Maximum distance separable (MDS) code[1] 


A \([n,k,d]_q\) binary or \(q\)-ary linear code is an MDS code if parameters \(n\), \(k\), \(d\), and \(q\) are such that the Singleton bound \begin{align} d \leq n-k+1 \tag*{(1)}\end{align} becomes an equality. A code is called almost MDS (AMDS) when \(d=n-k\). A bound for general (i.e., nonlinear or unrestricted) \(q\)-ary codes can also be formulated; see [2; Thm. 1.9.10]. A code is near MDS (NMDS) if the code and its dual are mode AMDS.

The codes \( [n,1,n]_q, [n,n-1,2]_q, [n,n,1]_q \) for any \(q\) are MDS codes. These are called the trivial MDS codes. The only binary MDS codes are the trivial ones.


Given \(n\) and \(k\), MDS codes have the highest distance possible of all codes and so have the best possible error-correction properties.


The McEliece Public Key Cryptosystem [3] uses algebraic coding theory to secure communications against eavesdropping attack, in which private keys are generator matrices of linear codes, i.e., \(G\). Public Keys shared to outside world are scrambled and permutated versions of \(G\), i.e., \(G^\prime=SGP\). Data to be encrypted, \(u\), is multiplied by public key and added intentional errors \(e\), i.e., \(x=uG^\prime+e\). Upon receiving encrypted data, private key owner can apply inverse permutation \(P^{-1}\) to \(x\), decode the scrambled message given the presence of \(e\) errors, and finally unscramble to obtain \(u\). Security parameters of the system are \(n\) and \(e\), hence MDS codes, such as GRS codes may provide the same security level for shorter key sizes, and the private key owner can decode arguably fast enough using known decoding algorithms.Automatic repeat request (ARQ) data transmission protocols ([4], Ch. 7).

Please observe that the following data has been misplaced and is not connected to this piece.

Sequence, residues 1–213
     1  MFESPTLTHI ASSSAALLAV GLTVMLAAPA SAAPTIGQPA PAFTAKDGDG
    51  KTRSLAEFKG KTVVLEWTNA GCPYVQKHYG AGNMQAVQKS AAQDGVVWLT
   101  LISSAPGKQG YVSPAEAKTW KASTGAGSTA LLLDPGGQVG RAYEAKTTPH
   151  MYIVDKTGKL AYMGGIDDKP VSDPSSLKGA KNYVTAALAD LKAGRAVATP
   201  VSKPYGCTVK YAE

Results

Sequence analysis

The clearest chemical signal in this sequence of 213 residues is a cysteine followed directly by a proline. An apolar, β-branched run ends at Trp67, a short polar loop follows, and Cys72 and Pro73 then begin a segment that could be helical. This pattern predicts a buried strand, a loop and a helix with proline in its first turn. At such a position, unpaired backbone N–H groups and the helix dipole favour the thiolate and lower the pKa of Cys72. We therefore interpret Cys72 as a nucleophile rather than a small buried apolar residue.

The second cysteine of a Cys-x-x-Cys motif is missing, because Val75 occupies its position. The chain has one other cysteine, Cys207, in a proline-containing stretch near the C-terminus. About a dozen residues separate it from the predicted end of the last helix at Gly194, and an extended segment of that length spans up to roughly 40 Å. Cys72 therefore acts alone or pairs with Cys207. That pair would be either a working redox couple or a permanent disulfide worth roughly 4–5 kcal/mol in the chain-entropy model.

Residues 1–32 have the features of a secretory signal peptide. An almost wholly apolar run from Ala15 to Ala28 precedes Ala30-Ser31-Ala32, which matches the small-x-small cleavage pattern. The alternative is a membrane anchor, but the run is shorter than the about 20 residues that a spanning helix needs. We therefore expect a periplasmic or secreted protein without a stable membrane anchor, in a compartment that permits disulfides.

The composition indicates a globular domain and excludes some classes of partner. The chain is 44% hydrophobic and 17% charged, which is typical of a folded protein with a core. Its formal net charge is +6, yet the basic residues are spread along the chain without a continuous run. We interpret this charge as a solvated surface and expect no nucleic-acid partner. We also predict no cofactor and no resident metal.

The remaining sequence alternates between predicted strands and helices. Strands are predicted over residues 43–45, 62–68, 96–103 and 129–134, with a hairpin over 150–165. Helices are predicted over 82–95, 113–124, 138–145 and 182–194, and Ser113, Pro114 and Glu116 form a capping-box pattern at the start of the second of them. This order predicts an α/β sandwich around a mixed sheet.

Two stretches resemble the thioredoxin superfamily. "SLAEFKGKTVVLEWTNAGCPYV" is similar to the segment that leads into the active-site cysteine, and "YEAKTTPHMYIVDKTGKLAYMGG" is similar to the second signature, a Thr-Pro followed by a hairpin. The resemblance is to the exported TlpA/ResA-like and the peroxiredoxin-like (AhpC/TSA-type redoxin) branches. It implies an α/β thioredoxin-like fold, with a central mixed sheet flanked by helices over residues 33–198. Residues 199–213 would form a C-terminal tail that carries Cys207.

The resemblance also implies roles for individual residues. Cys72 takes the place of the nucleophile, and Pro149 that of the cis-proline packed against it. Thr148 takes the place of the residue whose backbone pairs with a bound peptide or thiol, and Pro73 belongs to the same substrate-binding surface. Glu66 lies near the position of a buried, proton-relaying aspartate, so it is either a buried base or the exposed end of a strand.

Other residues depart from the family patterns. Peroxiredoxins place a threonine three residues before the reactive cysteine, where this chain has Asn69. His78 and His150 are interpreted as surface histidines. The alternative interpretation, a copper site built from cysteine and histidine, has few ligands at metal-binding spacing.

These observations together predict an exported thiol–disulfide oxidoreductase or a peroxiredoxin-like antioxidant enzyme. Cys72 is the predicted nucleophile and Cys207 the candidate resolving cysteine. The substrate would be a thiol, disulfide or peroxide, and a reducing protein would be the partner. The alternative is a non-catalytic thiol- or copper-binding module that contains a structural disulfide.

See Ref. [5] for a review of MDS codes and the MDS conjecture.





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“Maximum distance separable (MDS) code”, The Error Correction Zoo (V. V. Albert & P. Faist, eds.), 2022.
@incollection{eczoo_mds, title={Maximum distance separable (MDS) code}, booktitle={The Error Correction Zoo}, year={2022}, editor={Albert, Victor V. and Faist, Philippe}, url={} }
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“Maximum distance separable (MDS) code”, The Error Correction Zoo (V. V. Albert & P. Faist, eds.), 2022.